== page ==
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Tuesday, 10 July, 2001, 06:18 GMT 07:18 UK
Russia marks Trans-Siberian centenary
centenary train
Banners were much in evidence for the big send-off
Russia has celebrated the 100th birthday of the Trans-Siberian Railway by dispatching a special centennial train from Moscow to Vladivostok.

Russian TV cameras recorded the unveiling of a symbolic marker-post for kilometre 0 of the world's longest railway at the Russian capital's Yaroslavl station, from which each Trans-Siberian leaves.

The simple monument reads 0 and 9,298 km - the distance to the end of the line in Vladivostok.

Go east in style

The special train, carrying dignitaries and journalists, is made up of carriages supplied by Russia's leading railway companies and offers passengers every comfort by local standards for the special, 16-day round trip.

You get all kinds of people; some sit impassively, some are happy, others share their experiences.

Attendant Oksana Bodar.

"Each has its own restaurants, its own bars, its own independent systems, like a world of its own," said train attendant Dina Yaroslavtseva.

And not just the carriages are first class - the train attendants had to win their places on the train in competition with their co-workers.

For the attendants, it is an interesting job, serving passengers across Russia's vast spaces.

"You get all kinds of people; some sit impassively, some are happy, others share their experiences," said one, Oksana Bodar.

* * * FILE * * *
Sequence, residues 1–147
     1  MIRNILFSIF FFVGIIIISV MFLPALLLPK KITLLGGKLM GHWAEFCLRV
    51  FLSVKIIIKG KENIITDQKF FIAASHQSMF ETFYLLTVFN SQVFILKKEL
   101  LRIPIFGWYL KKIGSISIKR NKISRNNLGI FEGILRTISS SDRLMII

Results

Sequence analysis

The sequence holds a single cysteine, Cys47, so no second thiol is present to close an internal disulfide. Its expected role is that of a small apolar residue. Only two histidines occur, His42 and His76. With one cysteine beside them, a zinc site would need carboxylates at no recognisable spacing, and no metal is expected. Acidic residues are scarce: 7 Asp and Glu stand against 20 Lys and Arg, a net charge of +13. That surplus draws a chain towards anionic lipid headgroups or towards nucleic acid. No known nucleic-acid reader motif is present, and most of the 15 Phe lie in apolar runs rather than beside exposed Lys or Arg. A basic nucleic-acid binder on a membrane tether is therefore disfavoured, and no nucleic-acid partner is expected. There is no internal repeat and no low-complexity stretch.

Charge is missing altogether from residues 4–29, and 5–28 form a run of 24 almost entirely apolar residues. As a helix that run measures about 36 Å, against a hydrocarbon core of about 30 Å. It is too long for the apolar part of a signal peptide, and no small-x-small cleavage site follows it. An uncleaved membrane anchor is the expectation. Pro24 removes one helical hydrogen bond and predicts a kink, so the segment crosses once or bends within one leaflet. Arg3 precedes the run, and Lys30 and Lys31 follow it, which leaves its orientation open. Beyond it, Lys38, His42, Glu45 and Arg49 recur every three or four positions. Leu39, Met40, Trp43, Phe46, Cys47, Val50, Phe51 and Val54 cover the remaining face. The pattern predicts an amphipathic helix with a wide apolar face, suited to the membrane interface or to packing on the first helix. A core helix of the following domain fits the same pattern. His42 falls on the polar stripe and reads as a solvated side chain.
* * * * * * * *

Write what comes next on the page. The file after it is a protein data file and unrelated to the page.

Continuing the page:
Click here for map of railway

An extra perk this time may be the celebrations scheduled for stops along the route of the centenary train.

A royal dream

Hailed as the 20th century's biggest construction project, the railway was a pre-revolutionary success, completed despite the absence of "Soviet zeal," as one TV station recalled.

As well as spawning entire new towns and bridging Siberia's vast rivers, the new railway apparently even boosted the birth rate.

on-board service
The service on offer is no less than regal

The railway, which was planned under the tsars as far back as 1891, began operation on 9 July, 1901, although the final section of the line's current route was only completed in 1916.

Before its advent, the journey across Siberia could take half a lifetime, but these days it can take as little as six days.

"The track is not bad, but it is difficult terrain - there are lots of hills, mountainous places, rivers and streams, bridges and tunnels," train manager Viktor Zaidenberg said.

A line with prospects

Even now, the railway is developing its role as a link between Asia and Europe.

Orthodox priest
The train was blessed by both church and state

The proposed reconstruction of a rail link across the two Koreas may in turn lead to a connection to the Trans-Siberian, allowing freight to travel by rail from South Korea all the way to Europe.

The Russian Railways Ministry is looking to the 21st century too, with plans to develop a 48,000 km network of fibre-optic lines alongside the tracks.

The ministry says this will "create a unified information space" stretching from Poland to Japan.

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BBC Monitoring, based in Caversham in southern England, selects and translates information from radio, television, press, news agencies and the Internet from 150 countries in more than 70 languages.

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